Alternative Cultural Events involves national Gatherings in the United States, but also includes international gatherings held around the globe that meet at the same time as the Gatherings in the States. It consciously draws upon Native American spirituality, romanticized and refashioned in light of modern conceptions of Native American beliefs and lifestyles. It also draws upon the “rites of Wicca,” and demonstrates the influences of hedonism, pacifism, and has a “foundation in American Bohemian traditions” (Niman 1997). The organizational structure of the Rainbow Family is unique among American utopian communities (Niman 1997, 55) in that it does not follow a centralized or hierarchical model, but instead includes a governing body that operates as a Council, “open to all interested persons,” and which governs “by consensus of the entire group” (Niman 1997, 39). Niman points out that this is noteworthy in that this approach at governance has worked successfully for Gatherings “of up to thirty thousand people” (Niman 1997, 40) for many years. Although Niman classifies the Rainbow Family as a utopian community experiment, he states that the Rainbows have “not yet created, and may never create, a permanent self-sufficient utopia. Gatherings are temporary communities, dependent upon Babylon [their term for mainstream society] for material sustenance” (Niman 1997, 33). The Gatherings are also transitory in that the community comes together periodically and later dissolves into the broader society only to reform later (in what Niman refers to as process of “fission-fusion” as a nomadic utopia). Another alternative cultural event is the Burning Man Festival. See the entry in this encyclopedia for specific consideration of Burning Man as festival and alternative cultural event. But America is not the only Western country where alternative cultural events and movements may be found. Other examples include the Nimbin Lifestyle Festival and ConFest in Australia, and Glastonbury in the United Kingdom. The dominant theoretical model for understanding alternative cultural events, particularly in Burning Man studies, is found in the application of anthropologist Victor Turner’s concepts of liminality and ritual among tribal peoples during rites of passage. In Turner’s theory, as this process unfolds it begins with the separation process, where individuals move from regular participation with the tribe in the mundane world, and then enter a liminal or threshold space where they work together through the performance of rituals. They then experience aggregation or a return to their tribe with a new status resulting from these experiences. The result for those who have gone through this process is an experience of communitas, a strong social bond among individuals who have worked 2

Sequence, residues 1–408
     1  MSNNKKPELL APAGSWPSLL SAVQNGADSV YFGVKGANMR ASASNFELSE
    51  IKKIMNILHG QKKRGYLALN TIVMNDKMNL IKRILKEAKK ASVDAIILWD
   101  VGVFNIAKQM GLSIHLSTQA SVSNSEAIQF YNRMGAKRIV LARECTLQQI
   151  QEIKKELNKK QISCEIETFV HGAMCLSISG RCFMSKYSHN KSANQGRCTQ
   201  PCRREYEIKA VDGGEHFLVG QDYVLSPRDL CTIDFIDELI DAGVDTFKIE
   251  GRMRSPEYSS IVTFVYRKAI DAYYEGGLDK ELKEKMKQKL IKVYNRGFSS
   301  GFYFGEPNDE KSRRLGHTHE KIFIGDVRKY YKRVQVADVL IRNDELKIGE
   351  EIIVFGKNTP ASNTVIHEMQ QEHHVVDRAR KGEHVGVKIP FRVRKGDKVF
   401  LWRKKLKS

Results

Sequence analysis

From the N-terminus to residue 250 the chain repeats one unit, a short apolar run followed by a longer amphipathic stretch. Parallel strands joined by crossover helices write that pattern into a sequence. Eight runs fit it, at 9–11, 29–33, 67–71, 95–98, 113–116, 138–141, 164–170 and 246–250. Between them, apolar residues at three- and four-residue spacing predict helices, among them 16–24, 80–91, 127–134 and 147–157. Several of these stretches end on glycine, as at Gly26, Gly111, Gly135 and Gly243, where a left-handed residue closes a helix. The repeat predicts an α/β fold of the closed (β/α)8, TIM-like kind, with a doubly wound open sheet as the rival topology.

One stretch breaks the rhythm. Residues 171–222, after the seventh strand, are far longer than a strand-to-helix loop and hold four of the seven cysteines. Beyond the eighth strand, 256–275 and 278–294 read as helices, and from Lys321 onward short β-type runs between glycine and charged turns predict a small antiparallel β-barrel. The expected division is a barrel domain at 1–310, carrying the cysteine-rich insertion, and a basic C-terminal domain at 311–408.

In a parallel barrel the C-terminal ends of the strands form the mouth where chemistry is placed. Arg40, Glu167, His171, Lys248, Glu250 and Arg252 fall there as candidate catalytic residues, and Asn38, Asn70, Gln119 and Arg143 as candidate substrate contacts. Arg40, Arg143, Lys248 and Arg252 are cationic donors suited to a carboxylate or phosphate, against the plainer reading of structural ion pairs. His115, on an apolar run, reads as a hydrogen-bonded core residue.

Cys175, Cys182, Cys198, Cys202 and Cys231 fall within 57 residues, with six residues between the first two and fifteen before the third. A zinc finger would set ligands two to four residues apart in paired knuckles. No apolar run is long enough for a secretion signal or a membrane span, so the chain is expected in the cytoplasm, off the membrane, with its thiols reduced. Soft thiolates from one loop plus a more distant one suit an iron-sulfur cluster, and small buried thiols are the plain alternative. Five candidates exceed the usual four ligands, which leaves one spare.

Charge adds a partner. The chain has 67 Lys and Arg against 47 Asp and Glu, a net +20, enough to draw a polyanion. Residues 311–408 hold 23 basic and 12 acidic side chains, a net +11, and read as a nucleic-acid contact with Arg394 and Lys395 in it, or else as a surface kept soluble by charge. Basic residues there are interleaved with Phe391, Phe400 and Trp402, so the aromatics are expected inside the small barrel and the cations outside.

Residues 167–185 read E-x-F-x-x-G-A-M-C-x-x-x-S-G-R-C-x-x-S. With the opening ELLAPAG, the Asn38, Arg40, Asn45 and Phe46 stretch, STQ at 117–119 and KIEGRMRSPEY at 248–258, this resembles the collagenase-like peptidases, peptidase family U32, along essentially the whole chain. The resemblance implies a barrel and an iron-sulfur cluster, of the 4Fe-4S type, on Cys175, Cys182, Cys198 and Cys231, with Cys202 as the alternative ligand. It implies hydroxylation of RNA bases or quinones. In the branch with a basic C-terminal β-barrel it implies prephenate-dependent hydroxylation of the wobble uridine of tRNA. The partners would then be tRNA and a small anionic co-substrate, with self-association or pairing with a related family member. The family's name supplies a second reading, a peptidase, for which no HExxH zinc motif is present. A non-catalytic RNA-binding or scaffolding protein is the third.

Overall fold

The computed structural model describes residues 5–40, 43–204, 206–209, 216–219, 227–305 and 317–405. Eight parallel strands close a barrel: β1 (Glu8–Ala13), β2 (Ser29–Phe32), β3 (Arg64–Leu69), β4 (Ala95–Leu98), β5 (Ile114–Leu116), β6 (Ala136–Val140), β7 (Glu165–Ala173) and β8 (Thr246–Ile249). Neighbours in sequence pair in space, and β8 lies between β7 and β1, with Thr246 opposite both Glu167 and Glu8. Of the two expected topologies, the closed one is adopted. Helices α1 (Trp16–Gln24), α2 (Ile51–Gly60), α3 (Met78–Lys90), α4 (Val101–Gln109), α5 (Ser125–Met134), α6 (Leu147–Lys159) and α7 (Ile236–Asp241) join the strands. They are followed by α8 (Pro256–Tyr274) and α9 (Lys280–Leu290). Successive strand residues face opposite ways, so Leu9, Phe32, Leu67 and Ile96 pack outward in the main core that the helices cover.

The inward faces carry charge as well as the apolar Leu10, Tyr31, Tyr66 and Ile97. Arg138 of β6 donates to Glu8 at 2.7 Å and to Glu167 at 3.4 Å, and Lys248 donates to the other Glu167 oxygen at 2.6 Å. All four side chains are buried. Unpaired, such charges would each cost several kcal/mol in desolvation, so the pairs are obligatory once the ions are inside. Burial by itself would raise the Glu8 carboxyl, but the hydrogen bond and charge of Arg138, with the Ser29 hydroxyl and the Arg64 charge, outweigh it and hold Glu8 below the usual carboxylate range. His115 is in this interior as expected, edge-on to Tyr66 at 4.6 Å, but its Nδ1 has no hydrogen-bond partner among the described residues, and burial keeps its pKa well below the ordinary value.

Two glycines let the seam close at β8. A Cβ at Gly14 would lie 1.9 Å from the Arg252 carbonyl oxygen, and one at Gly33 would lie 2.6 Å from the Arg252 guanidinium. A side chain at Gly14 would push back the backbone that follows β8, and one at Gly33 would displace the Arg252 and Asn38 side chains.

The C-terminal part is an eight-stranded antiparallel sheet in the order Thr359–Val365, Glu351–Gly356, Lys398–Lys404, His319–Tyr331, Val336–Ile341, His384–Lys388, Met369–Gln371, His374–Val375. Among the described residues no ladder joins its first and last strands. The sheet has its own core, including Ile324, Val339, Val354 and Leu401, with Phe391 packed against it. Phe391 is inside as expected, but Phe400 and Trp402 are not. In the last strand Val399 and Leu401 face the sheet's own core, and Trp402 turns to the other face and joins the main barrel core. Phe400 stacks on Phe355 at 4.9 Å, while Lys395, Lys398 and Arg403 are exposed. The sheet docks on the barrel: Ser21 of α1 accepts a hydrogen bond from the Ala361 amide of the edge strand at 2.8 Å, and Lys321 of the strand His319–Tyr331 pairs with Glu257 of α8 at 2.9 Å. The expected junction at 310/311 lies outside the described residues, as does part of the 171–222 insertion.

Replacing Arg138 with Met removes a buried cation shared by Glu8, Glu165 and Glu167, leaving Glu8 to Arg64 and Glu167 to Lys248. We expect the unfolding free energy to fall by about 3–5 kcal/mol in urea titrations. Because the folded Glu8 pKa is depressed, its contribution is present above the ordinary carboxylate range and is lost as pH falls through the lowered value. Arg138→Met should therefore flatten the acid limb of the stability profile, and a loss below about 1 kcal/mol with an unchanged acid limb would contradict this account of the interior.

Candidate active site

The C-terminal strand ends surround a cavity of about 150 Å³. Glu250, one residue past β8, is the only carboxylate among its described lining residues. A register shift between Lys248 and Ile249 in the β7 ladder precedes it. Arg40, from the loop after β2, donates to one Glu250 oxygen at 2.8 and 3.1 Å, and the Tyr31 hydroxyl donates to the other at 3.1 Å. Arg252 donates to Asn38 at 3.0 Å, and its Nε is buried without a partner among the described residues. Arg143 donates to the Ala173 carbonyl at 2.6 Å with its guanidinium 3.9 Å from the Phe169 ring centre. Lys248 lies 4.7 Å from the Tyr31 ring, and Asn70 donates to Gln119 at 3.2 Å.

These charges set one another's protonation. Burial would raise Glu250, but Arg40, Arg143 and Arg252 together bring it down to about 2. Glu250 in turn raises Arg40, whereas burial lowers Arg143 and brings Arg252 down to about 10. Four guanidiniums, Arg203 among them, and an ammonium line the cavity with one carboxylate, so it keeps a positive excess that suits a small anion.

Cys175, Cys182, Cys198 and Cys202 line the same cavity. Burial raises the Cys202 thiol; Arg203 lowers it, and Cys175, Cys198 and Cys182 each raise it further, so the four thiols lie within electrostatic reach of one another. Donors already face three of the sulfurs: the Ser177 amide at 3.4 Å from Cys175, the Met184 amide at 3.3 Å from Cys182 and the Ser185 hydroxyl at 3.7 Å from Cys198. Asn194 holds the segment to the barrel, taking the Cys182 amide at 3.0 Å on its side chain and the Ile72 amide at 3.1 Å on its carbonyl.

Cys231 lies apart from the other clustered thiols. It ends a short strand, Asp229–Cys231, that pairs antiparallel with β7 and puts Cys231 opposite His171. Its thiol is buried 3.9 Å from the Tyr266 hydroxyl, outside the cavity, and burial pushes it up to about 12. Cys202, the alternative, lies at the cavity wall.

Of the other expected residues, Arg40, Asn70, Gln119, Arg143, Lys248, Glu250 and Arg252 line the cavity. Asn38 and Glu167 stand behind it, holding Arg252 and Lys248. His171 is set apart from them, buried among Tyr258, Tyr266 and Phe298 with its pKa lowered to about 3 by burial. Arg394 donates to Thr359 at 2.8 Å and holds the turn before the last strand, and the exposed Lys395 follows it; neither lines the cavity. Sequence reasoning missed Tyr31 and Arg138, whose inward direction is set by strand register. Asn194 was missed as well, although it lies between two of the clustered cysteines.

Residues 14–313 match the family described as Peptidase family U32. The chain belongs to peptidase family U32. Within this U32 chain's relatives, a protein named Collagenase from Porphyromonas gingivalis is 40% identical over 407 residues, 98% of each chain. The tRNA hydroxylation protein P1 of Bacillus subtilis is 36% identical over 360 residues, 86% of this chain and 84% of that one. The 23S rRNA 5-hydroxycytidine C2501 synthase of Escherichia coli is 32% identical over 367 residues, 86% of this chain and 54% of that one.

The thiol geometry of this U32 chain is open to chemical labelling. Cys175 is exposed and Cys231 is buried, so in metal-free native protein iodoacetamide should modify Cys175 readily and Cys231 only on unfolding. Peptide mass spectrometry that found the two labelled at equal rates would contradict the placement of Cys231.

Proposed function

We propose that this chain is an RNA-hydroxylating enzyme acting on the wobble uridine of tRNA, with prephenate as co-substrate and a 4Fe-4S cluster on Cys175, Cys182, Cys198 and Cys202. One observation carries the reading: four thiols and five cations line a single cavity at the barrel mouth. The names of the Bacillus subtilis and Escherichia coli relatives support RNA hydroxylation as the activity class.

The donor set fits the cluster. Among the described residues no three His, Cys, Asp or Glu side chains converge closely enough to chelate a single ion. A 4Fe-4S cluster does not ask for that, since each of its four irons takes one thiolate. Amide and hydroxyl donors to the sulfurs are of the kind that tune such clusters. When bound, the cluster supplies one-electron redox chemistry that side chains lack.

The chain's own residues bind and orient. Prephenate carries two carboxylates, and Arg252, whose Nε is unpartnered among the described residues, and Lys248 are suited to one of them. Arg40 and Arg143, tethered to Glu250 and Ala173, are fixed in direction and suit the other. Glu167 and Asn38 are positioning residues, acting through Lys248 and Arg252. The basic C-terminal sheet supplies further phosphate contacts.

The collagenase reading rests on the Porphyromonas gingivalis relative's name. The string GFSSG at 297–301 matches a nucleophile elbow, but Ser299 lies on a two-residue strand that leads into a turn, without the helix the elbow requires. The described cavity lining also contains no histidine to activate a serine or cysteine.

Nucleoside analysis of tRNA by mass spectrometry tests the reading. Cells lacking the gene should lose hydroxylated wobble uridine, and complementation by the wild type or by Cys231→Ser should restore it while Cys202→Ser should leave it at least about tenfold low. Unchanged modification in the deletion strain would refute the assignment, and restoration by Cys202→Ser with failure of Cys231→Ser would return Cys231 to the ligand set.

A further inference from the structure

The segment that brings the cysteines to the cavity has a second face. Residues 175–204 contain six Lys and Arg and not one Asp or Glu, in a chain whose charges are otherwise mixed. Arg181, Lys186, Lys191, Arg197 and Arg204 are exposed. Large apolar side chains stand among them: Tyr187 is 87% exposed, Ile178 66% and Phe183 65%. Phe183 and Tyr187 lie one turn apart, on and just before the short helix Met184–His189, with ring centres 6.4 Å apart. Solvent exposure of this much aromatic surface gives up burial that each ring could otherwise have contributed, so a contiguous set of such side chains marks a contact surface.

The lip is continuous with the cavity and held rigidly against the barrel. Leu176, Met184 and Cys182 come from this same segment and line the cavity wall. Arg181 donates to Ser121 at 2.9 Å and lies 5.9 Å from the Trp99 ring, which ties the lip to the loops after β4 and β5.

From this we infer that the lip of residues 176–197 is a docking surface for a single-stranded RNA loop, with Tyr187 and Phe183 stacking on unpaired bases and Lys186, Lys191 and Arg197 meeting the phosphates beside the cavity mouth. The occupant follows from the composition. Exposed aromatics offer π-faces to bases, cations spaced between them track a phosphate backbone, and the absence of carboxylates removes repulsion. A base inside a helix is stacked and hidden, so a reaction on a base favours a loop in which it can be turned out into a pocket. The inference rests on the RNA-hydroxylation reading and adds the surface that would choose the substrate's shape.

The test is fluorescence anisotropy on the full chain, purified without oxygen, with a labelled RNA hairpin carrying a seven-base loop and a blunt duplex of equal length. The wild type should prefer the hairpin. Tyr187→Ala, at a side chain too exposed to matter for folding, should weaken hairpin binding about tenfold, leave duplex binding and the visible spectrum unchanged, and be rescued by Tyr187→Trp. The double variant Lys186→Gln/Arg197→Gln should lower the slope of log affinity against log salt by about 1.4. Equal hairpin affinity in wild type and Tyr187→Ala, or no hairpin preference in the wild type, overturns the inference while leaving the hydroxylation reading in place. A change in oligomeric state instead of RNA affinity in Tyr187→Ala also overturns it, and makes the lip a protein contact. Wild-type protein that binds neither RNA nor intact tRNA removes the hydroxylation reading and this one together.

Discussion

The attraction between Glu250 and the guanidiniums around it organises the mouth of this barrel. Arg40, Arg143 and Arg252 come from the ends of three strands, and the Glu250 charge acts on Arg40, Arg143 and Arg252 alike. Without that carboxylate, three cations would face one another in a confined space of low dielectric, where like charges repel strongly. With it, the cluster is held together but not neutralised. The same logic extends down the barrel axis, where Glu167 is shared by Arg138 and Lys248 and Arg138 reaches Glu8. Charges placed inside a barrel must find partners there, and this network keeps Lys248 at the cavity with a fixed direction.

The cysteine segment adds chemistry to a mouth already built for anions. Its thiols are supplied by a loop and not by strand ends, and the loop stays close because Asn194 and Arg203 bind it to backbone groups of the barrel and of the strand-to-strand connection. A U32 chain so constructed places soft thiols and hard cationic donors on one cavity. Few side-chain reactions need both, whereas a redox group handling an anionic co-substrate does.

StJ’s Encyclopedia of New Religious Movements

together through common liminal and ritual experience. From this perspective those involved in alternative cultural events and movements travel from around the country and experience separation from the mundane world. As they come together their gathering becomes a liminal space of shared ritual expression. At the conclusion of the cultural event, participants return to mainstream culture and achieve aggregation. Through this process, participants frequently express a strong sense of communitas or belonging.

Alternative Cultural Events Hexham, Irving. “New Age Thought in Glastonbury.” M.A. thesis, University of Birstol, 1971.

While Turner’s theoretical model remains helpful in understanding such phenomena, it has been noted by various scholars that it is not without its difficulties (St. John). Other conceptual frameworks of interpretation have been suggested (Morehead 2007) that provides alternative and complimentary ways in which to understand alternative cultural events and movements such as Burning Man. This includes consideration of Burning Man as a secondary institution that has been created as a result of dissatisfaction with mainstream institutions (Berger, Berger, and Kellner 1974); that such alternative cultures and events function as part of the holistic milieu in late modernity and at times as new spiritual outlets (Heelas and Woodhead 2002); and that Burning Man may be understood as a temporary autonomous zone wherein participants carves out spaces for creativity and the construction of new concepts of personal identity and cultural imagination (Bey 2003). References Heelas, Paul and Linda Woodhead. 2002. “Homeless minds today?” in Linda Woodhead, ed., Peter Berger and the Study of Religion. London & New York: Routledge. Niman, Michael I. People of the Rainbow: A Nomadic Utopia. Knoxville, TN: University of Tennessee Press, 1997. St. John, Graham. “Alternative Cultural Heterotopia: ConFest as Australia’s Marginal Centre.” Ph.D. diss., La Trobe University, 2000. Additional Reading Gilmore, Lee and Mark Van Proyen, eds. AfterBurn: Reflections on Burning Man. Albuquerque, NM: The University of New Mexico Press, 2005 Heelas, Paul and Linda Woodhead. 2005. The Spiritual Revolution: Why Religion is Giving Way to Spirituality. Malden, MA: Blackwell Publishing.